Taking a 747 for a swim in the Bermuda Triangle?

airport77Airport 77, 1977, 114 mins, Digital

Well, I only watched this because its a Jack Lemmon film I’d never seen before. No doubt if I had a tick sheet of all his films, I could never hope to complete it, but anyway, here’s one more off the list. Turns out its one of the oddest films of his I’ve ever seen, albeit paradoxically very Hollywood, oh so typical of that mainstream Hollywood that Lemmon worked in and was a part of. Airport 77 is from that cycle of  disaster movies so popular in the 1970s that seemed to pull in surprising talent – either an irresistible easy pay-check, or maybe the acting fraternity of the time felt they simply HAD to be in one of these disaster flicks to be considered part of the then-zeitgeist. I can imagine Hollywood parties at the time and thespians exchanging notes, and sneering at those who HADN’T appeared in one yet. Nearest thing we have these days to something like it would be Kenneth Branagh’s Murder on the Orient Express or Death on the Nile, films that don’t really seem to deserve their star-studded cast’s (and surely the most anticipated thing regards the third of those films is when the cast gets revealed).

But considering what a silly little film this is (hijackers trying to steal a fortune of art treasures from a 747 fly it into the Bermuda Triangle, where it collides with an oil rig, crashes into the sea and lies submerged on the sea-bed), what a cast Airport 1977 has! Its got Jack Lemmon, one of my favourite all-time actors in one of his weirdest, most physical roles; he plays Captain Don Gallagher, pilot of a 747 with a talent for scuba-diving who manages to save everyone. Its got Dracula (Christopher Lee), its got Kolchak (Darren McGavin), its got Buck Rogers (Gil Gerard), its got the Seven Million Dollar Man (Monte Markham, that’s the bad bionic man for those who weren’t around back in 1975), its got Apollo 13‘s Marilyn Lovell (Kathleen Quinlan), its got Inspector Bryant (M. Emmet Walsh) –  seriously, its got a cast which itself alone makes the film worthy of a watch.  I haven’t included those cast-members who include such films as Citizen Kane, Vertigo and  Gone With the Wind in their filmography! Its quite extraordinary stuff for a film so inherently daft but which, as I have noted, also makes it just so damned watchable. Production values are pretty good, too, and while some of the visual effects betray the pre-Star Wars quality level that was acceptable at the time (but would get laughed at afterwards and not age well post-ILM/Apogee etc), some of the effects shots are surprisingly fine (as its a Universal picture, it included Albert Whitlock as part of the effects crew).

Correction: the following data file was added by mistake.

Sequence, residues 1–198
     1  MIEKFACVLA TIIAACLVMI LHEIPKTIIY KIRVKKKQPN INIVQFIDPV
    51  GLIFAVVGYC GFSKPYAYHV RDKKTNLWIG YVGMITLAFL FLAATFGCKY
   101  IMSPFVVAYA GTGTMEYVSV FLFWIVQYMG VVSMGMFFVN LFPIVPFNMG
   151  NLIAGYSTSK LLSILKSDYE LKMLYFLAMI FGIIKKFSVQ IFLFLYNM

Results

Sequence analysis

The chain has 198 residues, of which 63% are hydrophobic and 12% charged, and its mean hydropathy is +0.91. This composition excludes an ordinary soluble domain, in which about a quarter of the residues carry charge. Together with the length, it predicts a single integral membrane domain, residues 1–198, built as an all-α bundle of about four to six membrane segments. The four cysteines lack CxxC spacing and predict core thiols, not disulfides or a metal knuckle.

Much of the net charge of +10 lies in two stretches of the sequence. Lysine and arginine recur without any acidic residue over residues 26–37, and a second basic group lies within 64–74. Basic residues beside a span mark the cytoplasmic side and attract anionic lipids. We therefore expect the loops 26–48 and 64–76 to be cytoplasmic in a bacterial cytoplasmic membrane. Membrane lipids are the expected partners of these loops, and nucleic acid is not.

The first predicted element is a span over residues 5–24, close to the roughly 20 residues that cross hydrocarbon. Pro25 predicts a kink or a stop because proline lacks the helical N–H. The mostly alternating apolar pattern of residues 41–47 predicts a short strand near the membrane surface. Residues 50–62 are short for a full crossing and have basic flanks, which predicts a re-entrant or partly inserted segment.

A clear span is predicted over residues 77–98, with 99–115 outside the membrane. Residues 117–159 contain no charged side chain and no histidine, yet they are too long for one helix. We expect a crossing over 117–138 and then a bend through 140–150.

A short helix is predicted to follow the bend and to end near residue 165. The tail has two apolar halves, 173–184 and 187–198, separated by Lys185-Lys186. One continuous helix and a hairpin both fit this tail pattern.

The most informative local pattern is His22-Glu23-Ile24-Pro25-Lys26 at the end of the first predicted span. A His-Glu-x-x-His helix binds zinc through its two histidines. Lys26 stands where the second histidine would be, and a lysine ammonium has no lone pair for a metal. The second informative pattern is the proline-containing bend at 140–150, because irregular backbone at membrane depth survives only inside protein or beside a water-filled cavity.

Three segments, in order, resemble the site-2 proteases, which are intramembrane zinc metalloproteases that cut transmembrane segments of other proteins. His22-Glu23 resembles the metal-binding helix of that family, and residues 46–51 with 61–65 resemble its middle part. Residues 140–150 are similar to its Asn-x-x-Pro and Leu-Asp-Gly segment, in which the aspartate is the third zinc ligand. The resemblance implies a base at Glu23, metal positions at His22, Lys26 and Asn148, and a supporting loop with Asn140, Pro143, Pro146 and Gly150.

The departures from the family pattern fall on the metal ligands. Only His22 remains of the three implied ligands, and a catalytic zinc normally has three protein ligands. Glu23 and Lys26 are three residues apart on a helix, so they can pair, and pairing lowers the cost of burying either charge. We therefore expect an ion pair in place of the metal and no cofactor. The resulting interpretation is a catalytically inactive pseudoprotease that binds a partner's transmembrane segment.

While The Towering Inferno remains, surely, the best of all those disaster flicks, Airport 1977 is one of the better examples, no doubt, albeit its not really in the ‘so bad its good’ category. I suppose there is something rather endearing about the genre and its  possibly my loss that I’ve never watched Airport, Airport 1975 nor The Concorde-Airport ’79 either (having watched Airplane! I figured they were redundant). Seems there’s a Blu-ray box to fix that.  Something for my film bucket-list maybe, someday.


6 thoughts on “Taking a 747 for a swim in the Bermuda Triangle?